Rock the boats! Five ways to get on the waves this summer

Garden of eatin’: The Swale garden, floating off of Brooklyn Army Terminal, grows flowers, fruits, and vegetables.

We’re going to need a summer boat! The waterways of Brooklyn are filled with boating activities, and if you want to get out on the water, there are plenty of paddling options. And it not just about getting from one place to another — there are plenty of stationary spots where you can snap a selfie and brag “I’m on a boat, y’all!” We have cast a net and caught some of the borough’s best activities atop the waves:

Seafood scene

A floating oyster bar will satisfy your summer seafood cravings in Brooklyn Bridge Park. Pilot, a bar and eatery aboard a 1924 wooden schooner, will open for its second summer on May 25, boasting a brand new cocktail menu and a few additional, non-shellfish menu options, according to founder Alex Pinchus.

Pilot will dock at Pier 6 until the fall, and its provides an exceptional floating view, he said.

“There’s fantastic drinks on a one-of-a-kind boat, and flawless views of the New York harbor,” said Pinchus.

Pilot at Brooklyn Bridge Park’s Pier 6 [Atlantic Avenue at Furman Street in Brooklyn Heights, (917) 810–8550, www.pilotbrooklyn.com].

Barge and in charge

In Greenpoint, you can also get your food and drink on a boat, though in a more casual environment. The Brooklyn Barge is a floating party spot with amazing views across the East River. It serves hot dogs, hamburgers, tacos, and more from its kitchen on the shore, and beer, wine, and a collection of cocktails from its bar atop the waves.

The spot also offers stand-up paddle and kayaking lessons, in association with Manhattan Kayak.

The Brooklyn Barge [3 Milton St. at West Street in Dumbo, (929) 337–7212, www.thebrooklynbarge.com].

Water music

The floating music venue Barge Music is a classical concert hall like no other. Parked just off the Dumbo waterfront, the tented boat features concerts every weekend, with free shows every Saturday afternoon at 4 pm. Notable upcoming concerts include a Beethoven String Quartet featuring Barge Music’s artistic director Mark Peskanov on violin, on June 16 and 17, and the Barge Music debut of the jazz band Endangered Heart Quartet on July 27.

Peskanov said he is especially looking forward to a unique group featuring Grammy-nominated violinist Gregor Huebner.

“On June 1 we’re going to have El Violin Latino — they are a very interesting quartet of a classical violin, piano, bass, and percussion,” said Peskanov. “It’s going to be a great concert and this is an example of a certain quality music we listen to on the barge.”

Barge Music at Brooklyn Bridge Park’s Pier 1 [1 Water St. at Old Fulton Street in Dumbo, (718) 624–4924, www.bargemusic.org]. Fri–Sun, at various times. $40 ($35 seniors, $20 students).

Views: Pilot, a restaurant on a schooner parked off of Brooklyn Bridge Park’s Pier Six, offers great views of the harbor and Manhattan skyline.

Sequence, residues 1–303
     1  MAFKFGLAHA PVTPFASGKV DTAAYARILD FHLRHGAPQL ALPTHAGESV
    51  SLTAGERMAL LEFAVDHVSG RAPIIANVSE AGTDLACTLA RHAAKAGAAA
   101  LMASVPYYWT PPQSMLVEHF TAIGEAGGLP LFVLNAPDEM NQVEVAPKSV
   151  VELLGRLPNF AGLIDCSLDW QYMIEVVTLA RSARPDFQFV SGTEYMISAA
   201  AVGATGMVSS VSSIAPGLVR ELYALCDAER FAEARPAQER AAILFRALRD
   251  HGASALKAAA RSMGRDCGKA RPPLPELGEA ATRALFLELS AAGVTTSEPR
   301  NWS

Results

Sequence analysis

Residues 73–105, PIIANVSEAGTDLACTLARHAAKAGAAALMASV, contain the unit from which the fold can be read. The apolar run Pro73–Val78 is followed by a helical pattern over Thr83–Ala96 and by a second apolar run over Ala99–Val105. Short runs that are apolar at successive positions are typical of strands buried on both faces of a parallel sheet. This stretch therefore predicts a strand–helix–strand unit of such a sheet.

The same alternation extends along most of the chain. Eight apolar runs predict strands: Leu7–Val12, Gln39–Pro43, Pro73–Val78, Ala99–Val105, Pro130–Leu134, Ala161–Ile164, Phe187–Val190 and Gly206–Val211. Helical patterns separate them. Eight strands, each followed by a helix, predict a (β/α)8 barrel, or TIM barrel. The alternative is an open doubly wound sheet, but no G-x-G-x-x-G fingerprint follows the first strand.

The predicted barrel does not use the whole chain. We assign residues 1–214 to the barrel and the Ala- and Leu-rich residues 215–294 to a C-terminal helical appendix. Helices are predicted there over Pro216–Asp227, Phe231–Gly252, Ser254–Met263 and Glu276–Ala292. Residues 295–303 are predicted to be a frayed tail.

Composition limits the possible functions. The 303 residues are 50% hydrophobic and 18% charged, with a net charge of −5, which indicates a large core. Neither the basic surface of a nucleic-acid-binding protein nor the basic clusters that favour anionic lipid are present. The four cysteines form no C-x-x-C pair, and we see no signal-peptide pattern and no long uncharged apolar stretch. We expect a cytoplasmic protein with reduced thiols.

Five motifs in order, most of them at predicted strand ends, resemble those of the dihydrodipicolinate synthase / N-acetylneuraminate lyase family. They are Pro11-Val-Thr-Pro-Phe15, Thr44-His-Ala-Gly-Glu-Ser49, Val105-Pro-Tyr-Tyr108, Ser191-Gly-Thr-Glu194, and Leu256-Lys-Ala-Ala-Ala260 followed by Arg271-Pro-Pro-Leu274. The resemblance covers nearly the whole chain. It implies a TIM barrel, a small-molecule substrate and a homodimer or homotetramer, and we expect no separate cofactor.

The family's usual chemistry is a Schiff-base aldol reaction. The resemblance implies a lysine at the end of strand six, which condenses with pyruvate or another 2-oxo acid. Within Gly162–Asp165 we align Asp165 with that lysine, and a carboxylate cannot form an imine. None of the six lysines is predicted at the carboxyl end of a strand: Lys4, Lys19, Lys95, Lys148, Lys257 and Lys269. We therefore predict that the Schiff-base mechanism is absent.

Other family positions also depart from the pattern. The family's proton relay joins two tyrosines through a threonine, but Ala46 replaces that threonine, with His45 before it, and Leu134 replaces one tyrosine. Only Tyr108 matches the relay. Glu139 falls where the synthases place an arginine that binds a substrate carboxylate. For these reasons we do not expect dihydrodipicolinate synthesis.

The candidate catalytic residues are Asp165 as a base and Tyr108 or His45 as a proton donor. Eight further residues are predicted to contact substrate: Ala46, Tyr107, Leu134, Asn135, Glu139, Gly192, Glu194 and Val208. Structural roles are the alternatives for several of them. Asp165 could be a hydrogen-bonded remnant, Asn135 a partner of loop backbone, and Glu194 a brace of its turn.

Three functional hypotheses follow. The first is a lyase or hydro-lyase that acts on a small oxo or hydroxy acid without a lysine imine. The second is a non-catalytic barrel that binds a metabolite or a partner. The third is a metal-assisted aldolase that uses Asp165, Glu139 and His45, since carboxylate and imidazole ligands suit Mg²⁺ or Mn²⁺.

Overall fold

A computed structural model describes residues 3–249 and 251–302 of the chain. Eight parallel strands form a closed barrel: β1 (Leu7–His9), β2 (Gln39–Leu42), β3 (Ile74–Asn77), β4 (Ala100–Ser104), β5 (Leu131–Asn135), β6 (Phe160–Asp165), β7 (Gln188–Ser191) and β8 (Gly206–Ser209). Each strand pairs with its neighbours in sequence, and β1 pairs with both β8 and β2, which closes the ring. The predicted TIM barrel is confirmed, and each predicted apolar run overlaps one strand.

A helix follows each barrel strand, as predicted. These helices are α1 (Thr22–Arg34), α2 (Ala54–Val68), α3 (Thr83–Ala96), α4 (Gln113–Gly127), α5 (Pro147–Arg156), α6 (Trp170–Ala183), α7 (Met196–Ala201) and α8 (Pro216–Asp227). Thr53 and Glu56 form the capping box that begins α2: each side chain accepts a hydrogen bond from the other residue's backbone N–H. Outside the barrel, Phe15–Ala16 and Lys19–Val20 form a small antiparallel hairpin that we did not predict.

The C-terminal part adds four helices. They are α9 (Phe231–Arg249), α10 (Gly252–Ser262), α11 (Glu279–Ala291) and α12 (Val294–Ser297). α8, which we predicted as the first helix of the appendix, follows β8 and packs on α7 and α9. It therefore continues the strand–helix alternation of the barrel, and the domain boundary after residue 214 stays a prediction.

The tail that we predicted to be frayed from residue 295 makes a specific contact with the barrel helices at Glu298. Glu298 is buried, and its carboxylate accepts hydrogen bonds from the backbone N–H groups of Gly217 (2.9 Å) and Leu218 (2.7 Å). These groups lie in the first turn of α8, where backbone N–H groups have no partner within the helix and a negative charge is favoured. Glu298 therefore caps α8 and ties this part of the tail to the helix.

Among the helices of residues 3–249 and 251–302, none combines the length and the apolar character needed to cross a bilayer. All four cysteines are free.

Douglas Lyle Thompson.
Douglas Lyle Thompson.
Douglas Lyle Thompson.
Douglas Lyle Thompson

A swale time

Take a break from bustling city life and visit a floating food forest! Swale, which docked at Brooklyn Army Terminal earlier this month, is a public art project spearheaded by Mary Mattingly, who will guide groups through the farm on a barge until it floats on in July.

Visitors will be shown how to harvest food, and can take home some of the herbs, fruits, and vegetables grown on the boat.

It is a rare opportunity for kids and locals to get hands-on experience and learn about the environment, said a spokeswoman for the Army Terminal.

“It really appeals to all five senses, and we hope we get to encourage New Yorkers to go into the public space and address the environment,” said Julie Stein.

Swale at Brooklyn Army Terminal Pier 4 [140 58th St. between First Avenue and the water in Sunset Park, www.swaleny.org]. Sat–Sun, noon–6 pm.

Row your boat

If you want to propel yourself through the water, you can choose from the still waters of Prospect Park, the East River alongside Brooklyn Bridge Park, or the murky waters of the infamous Gowanus Canal.

Prospect Park’s LeFrak Center at Lakeside offers pedal boats for rent by the hour, or one- or two-person kayaks for up to a full day of exploring. Brooklyn Bridge Park’s boathouse on Pier 2 will offer free, 20-minute kayak trips in a bay bordered by the Pier One and Pier Two, starting on May 31.

And the Gowanus Dredgers Canoe Club offers canoes that you can paddle along Brooklyn’s Nautical Purgatory on Saturday afternoons and Wednesday evenings.

LeFrak Center at Lakeside [171 East Dr. in Prospect Park, (718) 965–8951, www.prospectpark.org]. Open daily, from 11 am to sunset. $16–$36 per hour.

Brooklyn Bridge Park Boathouse (Pier Two in Brooklyn Heights, (718) www.brooklynbridgepark.org). Sat–Sun, from 10 am to 2 pm and Thursday, from 5:30 pm and 6:45 pm. Free.

Gowanus Canal Boathouse Dredgers [125-153 Second St. between Bond Street and the Canal in Gowanus, (718) 243–0849, www.gowanuscanal.org]. Suggested donation.

Reach reporter Alexandra Simon at (718) 260–8310 or e-mail her at asimon@cnglocal.com. Follow her on Twitter @AS1mon.
Set to sea: Brooklyn Bridge Park’s Boathouse on Pier Two will offer free, first-come, first-served kayaking sessions starting on May 31.
Etienne Frossard

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